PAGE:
The judgment of Taschereau and Abbott JJ. (dissenting) was delivered by:‑
TASCHEREAU, J.:‑L'appelant a été accusé d'avoir assassiné un nommé Georges Jabour Jarjour, à St-Henri, comté de Lévis, le 3 juin 1951, et a été trouvé coupable de meurtre à la suite d'un procès devant le jury, présidé par l'honorable Juge Albert Sévigny. La Cour du Banc de la Reine a unanimement confirmé ce verdict. Après avoir obtenu la permission de l'honorable Juge Kellock de la Cour Suprême du Canada, l'appelant a inscrit la présente cause devant cette Cour. Ses griefs d'appel sont les suivants:‑
1. Le juge dans son adresse aux jurés, ne les a pas légalement instruits sur la doctrine du doute raisonnable.
2. La règle qui doit être suivie dans le cas de preuve circonstantielle [sic] n'a pas été suffisamment expliquée.
3. L'accusé n'a pas obtenu un procès équitable eu égard aux faits de la cause, étant donné que l'avocat de la Couronne, dans son adresse aux jurés, a fait usage d'un langage enflammé.
Je suis d'opinion que le premier motif d'appel n'est pas fondé. Un résumé de ce que le président du tribunal a exprimé à maintes reprises sur le doute que peuvent entretenir les jurés, se trouve dans l'extrait suivant de son adresse : ‑
Si la Couronne ne prouve pas le fait, le crime, de façon à établir une certitude morale, une certitude qui donne la conviction à l'intelligence, une certitude qui satisfait la raison et dirige le jugement à rendre, et que les jurés ont un doute sérieux sur la culpabilité de l'accusé, c'est leur devoir et ils sont obligés de donner le bénéfice de ce doute à l'accusé et de le déclarer non coupable.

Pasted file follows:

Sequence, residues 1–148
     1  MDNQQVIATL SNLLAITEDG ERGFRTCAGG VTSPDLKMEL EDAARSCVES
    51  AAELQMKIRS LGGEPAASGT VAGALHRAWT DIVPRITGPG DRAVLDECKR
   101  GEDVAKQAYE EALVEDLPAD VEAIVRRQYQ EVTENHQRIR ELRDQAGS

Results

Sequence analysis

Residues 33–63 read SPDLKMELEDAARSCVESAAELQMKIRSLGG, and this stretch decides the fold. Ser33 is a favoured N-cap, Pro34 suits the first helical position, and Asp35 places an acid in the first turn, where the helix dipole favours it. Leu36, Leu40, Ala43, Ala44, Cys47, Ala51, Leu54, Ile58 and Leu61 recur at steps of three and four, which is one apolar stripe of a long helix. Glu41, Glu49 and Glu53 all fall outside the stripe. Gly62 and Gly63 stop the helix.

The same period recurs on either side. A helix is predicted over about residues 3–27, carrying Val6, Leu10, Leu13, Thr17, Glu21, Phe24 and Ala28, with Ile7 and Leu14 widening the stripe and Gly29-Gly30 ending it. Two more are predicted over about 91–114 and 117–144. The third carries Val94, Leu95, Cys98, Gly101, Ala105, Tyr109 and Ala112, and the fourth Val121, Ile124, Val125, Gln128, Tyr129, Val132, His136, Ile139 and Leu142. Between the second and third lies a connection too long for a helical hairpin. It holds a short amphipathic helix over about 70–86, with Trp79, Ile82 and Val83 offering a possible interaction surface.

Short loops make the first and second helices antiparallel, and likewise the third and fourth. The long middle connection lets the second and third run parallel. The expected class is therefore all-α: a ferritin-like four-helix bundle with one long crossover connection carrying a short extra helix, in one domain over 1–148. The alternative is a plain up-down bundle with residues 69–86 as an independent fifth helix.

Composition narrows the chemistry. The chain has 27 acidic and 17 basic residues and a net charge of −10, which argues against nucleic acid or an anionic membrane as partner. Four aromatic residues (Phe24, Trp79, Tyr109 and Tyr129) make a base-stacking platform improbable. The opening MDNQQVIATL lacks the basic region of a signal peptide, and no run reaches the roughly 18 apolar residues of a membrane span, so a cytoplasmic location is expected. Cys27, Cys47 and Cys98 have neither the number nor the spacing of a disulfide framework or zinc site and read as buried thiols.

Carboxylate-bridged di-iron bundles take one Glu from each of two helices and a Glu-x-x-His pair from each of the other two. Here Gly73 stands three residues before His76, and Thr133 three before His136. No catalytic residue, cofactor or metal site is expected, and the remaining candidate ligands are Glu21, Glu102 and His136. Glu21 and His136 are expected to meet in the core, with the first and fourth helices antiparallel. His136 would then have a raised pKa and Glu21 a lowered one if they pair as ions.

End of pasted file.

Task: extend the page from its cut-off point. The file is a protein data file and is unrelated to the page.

Évidemment, le jury a nécessairement compris par ces mots, qu'il devait être satisfait de la culpabilité de l'accusé, au delà d'un doute raisonnable. Sinon, ce dernier devait en avoir le bénéfice et être déclaré non coupable.
Le second grief est plus sérieux. Depuis au delà de cent ans, la règle concernant la, direction qui doit être donnée aux jurés lorsqu'il s'agit de preuve circonstantielle, a été posée clans la cause de Hodge. S'adressant aux jurés, le Baron Alderson s'est exprimé ainsi:
That before they could find the prisoner guilty they must be satisfied, not only that those circumstances were consistent with his having committed the act, but they must also be satisfied that the facts were such as to be inconsistent with any other rational conclusion than that the prisoner was the guilty person.
Cette jurisprudence a depuis été suivie, et il suffit de référer aux causes suivantes pour se convaincre qu'elle a été constante:-(Wills on Circumstantial Evidence (7th ed. pp. 320 and 321) Rex. v. Natanson, Rex. v. Francis and Barber, Rex. v. Petrisor, MacLean v. The King.
Malgré que les tribunaux se sont montrés très sévères sur la nécessité qu'il y a d'instruire le jury clans le sens indiqué dans la cause de Hodge, il ne s'ensuit pas que la formule soit sacramentelle, et que l'accusé aura droit à un nouveau procès si les termes exacts ne sont pas employés. (MacLean v. The King supra) 'Ce serait exiger un trap grand formalisme, et le droit criminel ne va pas jusque là. Il faut cependant retrouver dans les paroles du juge au procès, au moins l'équivalent, qui fera comprendre aux jurés que dans